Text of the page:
West Timor is the western half of the island of Timor, which was colonized and divided by the Dutch and Portugese during the colonial period. West Timor became part of the Republic of Indonesia when it was formed in 1945 as a reaction to Dutch colonial rule. Within Indonesia, the eastern islands (West Timor, Sumba, Flores, Alor, Rote and Savu) are the poorest part of this developing country. The islands of East Nusa Tenggara, or NTT as it is called locally, are much drier and less fertile than those of western Indonesia, and very similar to northern Australia in their climate, geology and vegetation. The island of Timor is predominantly limestone, and does not have the rich volcanic soils of Bali or Java. It has a very long dry season, from April to late November, and is hot and extremely dry for most of the year. The latter part of the dry season is traditionally known as musim kelaparan, or the starvation season, as the only foods available for most villagers are the corn and cassava they have stored from the end of the harvest period. Life for most villagers is very tough and means of generating income are very limited. Many village children do not go beyond a primary school education as their families do not have the resources to support further study. Since the late 1990’s life has been increasingly difficult for the West Timorese, due to a series of factors such as the Indonesian Monetary Crisis in 1997, a rise in the cost of living of more than 500 per cent over the past 10 years, and the withdrawal of aid projects and organisations in the wake of East Timor’s independence in 1999. There is a general lack of knowledge about West Timor caused in part by the attention to East Timor in the news media, and this often makes it difficult for organisations to get external funding or support for their activities.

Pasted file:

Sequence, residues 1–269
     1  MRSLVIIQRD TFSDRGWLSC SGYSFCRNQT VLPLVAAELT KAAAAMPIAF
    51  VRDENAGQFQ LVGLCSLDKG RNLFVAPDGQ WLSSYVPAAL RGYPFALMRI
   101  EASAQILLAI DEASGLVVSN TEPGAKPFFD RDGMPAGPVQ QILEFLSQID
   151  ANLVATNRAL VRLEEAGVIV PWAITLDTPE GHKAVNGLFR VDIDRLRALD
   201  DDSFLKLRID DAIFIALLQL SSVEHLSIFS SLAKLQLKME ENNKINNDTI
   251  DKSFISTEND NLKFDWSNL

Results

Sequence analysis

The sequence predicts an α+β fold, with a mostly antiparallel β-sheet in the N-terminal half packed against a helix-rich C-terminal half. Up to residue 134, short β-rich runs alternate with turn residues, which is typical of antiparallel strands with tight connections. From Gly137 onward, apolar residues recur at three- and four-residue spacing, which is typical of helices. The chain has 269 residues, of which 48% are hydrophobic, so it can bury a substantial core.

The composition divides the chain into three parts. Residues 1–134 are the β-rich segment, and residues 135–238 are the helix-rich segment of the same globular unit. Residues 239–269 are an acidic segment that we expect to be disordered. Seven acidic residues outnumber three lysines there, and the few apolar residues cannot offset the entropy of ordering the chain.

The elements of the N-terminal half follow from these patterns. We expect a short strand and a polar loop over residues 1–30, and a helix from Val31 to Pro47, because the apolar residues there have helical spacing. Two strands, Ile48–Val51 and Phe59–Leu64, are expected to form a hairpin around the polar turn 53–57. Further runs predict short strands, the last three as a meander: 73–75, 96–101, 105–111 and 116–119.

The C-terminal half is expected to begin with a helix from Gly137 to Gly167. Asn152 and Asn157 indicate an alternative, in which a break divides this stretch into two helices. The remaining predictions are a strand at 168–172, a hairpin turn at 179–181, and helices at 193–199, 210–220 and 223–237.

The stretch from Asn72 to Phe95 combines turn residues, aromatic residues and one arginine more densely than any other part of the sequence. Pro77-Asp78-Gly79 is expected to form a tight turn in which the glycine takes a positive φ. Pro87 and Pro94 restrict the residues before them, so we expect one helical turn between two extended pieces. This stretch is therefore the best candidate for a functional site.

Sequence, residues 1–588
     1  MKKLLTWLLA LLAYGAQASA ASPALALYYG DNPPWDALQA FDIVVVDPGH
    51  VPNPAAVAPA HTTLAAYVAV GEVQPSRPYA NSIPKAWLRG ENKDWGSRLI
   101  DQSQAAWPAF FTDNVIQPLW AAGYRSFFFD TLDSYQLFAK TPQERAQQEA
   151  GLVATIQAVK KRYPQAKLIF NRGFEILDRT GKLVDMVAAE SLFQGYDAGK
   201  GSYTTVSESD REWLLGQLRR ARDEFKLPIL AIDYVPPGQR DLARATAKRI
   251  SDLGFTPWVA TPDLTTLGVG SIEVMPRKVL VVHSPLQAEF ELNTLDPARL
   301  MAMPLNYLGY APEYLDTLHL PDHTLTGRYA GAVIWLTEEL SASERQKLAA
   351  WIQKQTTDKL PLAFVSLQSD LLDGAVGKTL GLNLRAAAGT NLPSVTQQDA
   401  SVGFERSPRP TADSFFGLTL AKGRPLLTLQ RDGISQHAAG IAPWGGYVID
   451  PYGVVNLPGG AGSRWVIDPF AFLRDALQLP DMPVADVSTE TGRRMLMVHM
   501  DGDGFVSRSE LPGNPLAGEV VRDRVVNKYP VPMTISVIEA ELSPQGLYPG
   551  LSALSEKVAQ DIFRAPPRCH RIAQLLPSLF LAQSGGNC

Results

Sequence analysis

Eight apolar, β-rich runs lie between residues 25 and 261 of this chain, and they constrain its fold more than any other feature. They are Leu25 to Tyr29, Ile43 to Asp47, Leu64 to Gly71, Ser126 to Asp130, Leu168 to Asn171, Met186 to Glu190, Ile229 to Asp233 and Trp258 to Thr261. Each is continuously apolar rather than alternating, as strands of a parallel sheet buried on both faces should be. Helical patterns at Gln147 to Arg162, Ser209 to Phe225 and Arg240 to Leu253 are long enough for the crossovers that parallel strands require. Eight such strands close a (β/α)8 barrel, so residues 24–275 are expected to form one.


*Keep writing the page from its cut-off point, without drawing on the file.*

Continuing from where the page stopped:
Yayasan Tafean Pah

Ibu Yovita Meta

Ibu Yovita Meta

Ibu Yovita Meta began the foundation Yayasan Tafean Pah in 1989, working with a small group of weavers from the dry and mountainous Biboki region of northern West Timor. YTP has grown substantially over the past 20 years; it now has a base in the northern town of Kefamenanu and 14 weaving cooperatives with a total of 700 members, spread over the Biboki, Insana and Miomafo regions of TTU (North Central Timor). Yayasan Tafean Pah supports the weaving cooperatives by providing access to thread and dyes, and training in weaving, dyeing and design skills. The foundation also provides cooperative management and basic accountancy training, and very importantly, provides an outlet and market for the beautiful hand-woven textiles which the weavers produce.